8 Simple Steps to Applying Design Thinking

G U E S T  A R T I C L E

[sm_smlts_dropcap type=”rounded-with-ring” color=”pink”]D[/sm_smlts_dropcap]esign Thinking embodies a user-centric, solutions based approach to solving complex problems. Whether it is service design, developing new products or re-designing processes, design thinking helps create better solutions through understanding of end users.

Design Thinking has five phases; Empathizing, Defining, Ideating, Prototyping, and Testing. You can use these simple steps to employ design thinking in any project.

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Identify Ultimate End Users – the Persons

In project management, stakeholders are identified whereas, in design thinking personas are created to identify how the end user sees, feels and hears using the project /service /product / process. Personas profile an end user group and help provide insight into the group. A persona is created by gathering and including information in its description such as demographics, challenges and goals, values and fears.  It also includes a title, messaging, and a sentence to describe the group it represents.

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Get to Know Persona’s Challenges, Goals, Attributes

While personas identify goals and attributes, Empathy Maps and Journey Maps help to get a better understanding of how end users are feeling as well as gaps and opportunities in their current journey. Empathy Maps uncover what each persona is feeling, thinking, hearing, saying, and doing. Journey Maps are similar to process mapping but help identify gaps, challenges and strengths in order to determine what problem should be solved.

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Identify What Problem Really Needs To Be Solved

Most of the time, the problem attempted to be solved isn’t the problem that should be solved. Empathy and Journey Mapping will help you understand the varied challenges and opportunities for each persona. When you identify all challenges it is easier to see that there are other linked challenges, which may be more appropriate to tackle.

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Ideate & Co-Create

Develop ideas on how to solve the challenge(s) that have been selected. This step is even more successful when clients are available to design with you so co-creation can happen.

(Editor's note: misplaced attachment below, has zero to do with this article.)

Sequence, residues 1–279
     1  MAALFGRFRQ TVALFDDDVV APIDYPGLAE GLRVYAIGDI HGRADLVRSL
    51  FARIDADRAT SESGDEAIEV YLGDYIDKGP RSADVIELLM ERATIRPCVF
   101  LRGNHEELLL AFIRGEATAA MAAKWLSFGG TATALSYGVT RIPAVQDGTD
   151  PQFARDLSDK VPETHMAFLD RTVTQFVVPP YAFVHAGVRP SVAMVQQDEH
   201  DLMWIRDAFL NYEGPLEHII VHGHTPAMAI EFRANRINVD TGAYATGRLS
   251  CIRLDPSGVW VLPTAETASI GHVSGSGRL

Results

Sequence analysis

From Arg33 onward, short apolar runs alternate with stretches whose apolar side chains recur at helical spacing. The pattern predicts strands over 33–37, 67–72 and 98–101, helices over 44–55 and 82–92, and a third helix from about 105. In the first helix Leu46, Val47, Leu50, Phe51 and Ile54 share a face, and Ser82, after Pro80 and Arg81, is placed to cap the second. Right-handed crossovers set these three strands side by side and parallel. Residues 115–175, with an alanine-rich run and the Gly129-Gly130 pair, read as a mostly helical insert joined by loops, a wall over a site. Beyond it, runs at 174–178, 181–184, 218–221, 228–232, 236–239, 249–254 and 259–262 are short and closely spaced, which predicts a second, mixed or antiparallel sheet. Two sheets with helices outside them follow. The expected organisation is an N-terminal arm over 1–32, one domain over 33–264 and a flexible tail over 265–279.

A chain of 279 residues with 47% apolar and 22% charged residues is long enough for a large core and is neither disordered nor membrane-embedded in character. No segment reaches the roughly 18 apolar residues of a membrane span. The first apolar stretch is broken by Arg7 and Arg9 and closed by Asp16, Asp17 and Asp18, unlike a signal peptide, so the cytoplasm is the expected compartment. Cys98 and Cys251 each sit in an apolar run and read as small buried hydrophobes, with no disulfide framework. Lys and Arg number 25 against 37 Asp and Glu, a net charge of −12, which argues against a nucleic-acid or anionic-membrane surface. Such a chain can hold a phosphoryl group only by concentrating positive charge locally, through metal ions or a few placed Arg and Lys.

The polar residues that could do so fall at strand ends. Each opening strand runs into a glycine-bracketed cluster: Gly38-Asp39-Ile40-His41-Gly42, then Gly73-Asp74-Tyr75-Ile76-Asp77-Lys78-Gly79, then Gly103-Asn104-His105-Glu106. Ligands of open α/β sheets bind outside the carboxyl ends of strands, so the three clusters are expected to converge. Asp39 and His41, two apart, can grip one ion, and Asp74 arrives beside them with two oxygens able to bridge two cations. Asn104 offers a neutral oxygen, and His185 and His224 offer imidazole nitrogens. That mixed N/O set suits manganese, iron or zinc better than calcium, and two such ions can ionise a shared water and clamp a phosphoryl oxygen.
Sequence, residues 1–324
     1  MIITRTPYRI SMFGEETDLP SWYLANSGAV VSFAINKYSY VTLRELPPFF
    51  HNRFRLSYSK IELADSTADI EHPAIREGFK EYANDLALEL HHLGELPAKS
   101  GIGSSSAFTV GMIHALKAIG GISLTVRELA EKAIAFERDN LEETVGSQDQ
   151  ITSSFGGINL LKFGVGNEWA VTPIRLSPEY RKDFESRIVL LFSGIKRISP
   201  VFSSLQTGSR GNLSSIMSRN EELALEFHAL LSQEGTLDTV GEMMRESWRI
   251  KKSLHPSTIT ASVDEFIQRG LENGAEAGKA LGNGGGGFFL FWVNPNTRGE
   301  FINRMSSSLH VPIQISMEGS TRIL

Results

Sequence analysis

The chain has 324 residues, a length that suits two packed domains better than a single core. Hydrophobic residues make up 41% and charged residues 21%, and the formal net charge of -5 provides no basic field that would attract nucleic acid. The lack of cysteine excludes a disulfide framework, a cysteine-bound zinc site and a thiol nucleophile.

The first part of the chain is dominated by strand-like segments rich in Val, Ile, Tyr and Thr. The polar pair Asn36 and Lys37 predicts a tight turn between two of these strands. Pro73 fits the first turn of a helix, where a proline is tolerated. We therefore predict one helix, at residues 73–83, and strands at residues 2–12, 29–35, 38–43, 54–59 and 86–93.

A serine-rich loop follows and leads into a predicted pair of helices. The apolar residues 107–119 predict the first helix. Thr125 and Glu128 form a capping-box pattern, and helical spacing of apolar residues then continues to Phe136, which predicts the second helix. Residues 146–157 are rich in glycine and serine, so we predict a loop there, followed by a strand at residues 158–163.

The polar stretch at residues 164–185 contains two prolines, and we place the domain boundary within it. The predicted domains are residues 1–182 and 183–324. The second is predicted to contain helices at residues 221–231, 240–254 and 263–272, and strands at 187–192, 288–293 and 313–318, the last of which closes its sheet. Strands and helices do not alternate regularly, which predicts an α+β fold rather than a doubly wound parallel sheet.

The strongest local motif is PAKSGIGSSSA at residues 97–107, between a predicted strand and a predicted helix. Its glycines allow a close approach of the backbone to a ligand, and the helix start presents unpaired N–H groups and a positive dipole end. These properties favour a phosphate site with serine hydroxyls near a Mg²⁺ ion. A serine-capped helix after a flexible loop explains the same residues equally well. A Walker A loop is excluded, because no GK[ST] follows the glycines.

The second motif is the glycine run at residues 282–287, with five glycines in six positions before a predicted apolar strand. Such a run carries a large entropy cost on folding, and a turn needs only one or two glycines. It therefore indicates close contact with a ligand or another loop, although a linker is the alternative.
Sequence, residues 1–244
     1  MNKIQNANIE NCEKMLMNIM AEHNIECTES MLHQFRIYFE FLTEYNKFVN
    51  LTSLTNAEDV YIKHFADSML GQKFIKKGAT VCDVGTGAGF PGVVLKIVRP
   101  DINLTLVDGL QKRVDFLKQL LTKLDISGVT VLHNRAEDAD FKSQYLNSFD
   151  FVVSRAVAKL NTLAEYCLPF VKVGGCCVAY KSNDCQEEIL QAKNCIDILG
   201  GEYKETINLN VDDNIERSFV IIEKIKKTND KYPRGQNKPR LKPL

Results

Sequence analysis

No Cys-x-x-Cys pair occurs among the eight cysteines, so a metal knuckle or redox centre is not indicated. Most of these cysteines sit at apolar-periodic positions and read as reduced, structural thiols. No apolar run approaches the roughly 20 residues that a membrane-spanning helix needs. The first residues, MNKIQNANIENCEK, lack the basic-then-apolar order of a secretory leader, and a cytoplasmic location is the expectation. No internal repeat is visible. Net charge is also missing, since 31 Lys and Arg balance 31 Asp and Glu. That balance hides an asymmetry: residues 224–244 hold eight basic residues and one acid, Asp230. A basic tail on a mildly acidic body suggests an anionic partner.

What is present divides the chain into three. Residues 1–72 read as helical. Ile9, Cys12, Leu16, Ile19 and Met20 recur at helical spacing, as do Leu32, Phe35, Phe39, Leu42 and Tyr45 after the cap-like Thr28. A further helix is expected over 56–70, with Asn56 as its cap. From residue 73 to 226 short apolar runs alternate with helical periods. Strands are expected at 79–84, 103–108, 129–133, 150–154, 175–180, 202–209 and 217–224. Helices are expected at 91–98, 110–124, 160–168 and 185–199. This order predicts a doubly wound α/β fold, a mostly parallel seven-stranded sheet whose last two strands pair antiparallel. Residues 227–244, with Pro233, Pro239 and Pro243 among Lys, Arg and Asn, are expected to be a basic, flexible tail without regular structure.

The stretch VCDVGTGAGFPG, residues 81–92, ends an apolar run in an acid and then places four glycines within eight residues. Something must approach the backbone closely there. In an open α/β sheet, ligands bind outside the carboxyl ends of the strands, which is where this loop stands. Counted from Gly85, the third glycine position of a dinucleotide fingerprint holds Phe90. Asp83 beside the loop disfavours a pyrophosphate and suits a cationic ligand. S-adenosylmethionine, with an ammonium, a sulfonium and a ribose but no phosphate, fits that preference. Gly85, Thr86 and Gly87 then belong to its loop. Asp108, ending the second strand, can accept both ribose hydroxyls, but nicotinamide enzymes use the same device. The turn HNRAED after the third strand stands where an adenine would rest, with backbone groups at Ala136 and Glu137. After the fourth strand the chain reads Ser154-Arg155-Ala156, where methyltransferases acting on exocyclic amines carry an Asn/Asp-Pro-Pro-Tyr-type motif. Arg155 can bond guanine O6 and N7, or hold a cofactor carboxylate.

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Select Ideas Agreed Upon

Selecting ideas to prototype is a challenging part of the design thinking phases. To simplify, an organization can initially have selection criteria and select the ones that best match. Alternately, you can select by weighted voting with different weights assigned to organizational priorities or to individual voters.

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Prototype Concepts

The purpose of prototyping for design thinking is to identify what solutions end users will like, as well as those less popular.  At least two prototypes are recommended so testers can comment on what they like and dislike on each prototype, and why. Ensure that the prototypes do not look complete as people are more likely to provide input if prototypes don’t look like they’re already implemented.

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Test Prototypes

Determine why people like the parts they do and ask how it could be made even better. It helps to have your initial end users from the Empathizing phase a part of the Testing phase so they can see the value of their input.

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One of the last and most important steps is implementation. Once you have tested all variations of the prototypes – develop the product, service or process by combining the input you received in previous steps (especially the testing step), to take the product to market or put the solution into production.

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Iterate (Bonus Step)

Designing is never complete. Iteration is required to improve products, services and processes on an ongoing basis, especially as markets, user expectations and technologies progress at impressive rates.



About the author:

Nilufer Erdebil, P.Eng., MBA, PMP (CEO, Spring2Innovation)

Award winning, Spring2Innovation founder, Nilufer Erdebil is a leading innovation and design thinking consultant with a range of experience in telecommunications, application development, project management, and information technology management. Her firm focuses on strategy and vision development, design thinking, creating and managing innovation programs, building innovation capabilities in organizations, and change management.

She has been using design thinking methodologies since 2003 in both the private and public sector. Most recently, she has used design thinking techniques and tools for clients at Innovation Science and Economic Development (ISED), Public Services and Procurement Canada (PSPC), along with the Community of Federal Regulators (CFR) in the redesign of its web interface providing regulatory guidance to Canadians and Canadian businesses.

Nilufer holds a B. Eng in Electrical Engineering and an MBA from Queen’s University. In 2016, she received the Canadian Women in Communications and Technology Leadership Award and in 2014, she was awarded the Ottawa Business Journal Forty Under 40 Award.


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Copyright information: The article has been published with permission from the author. Title picture is copyright of ASQ Ottawa Valley Section and not associated with the original writing.


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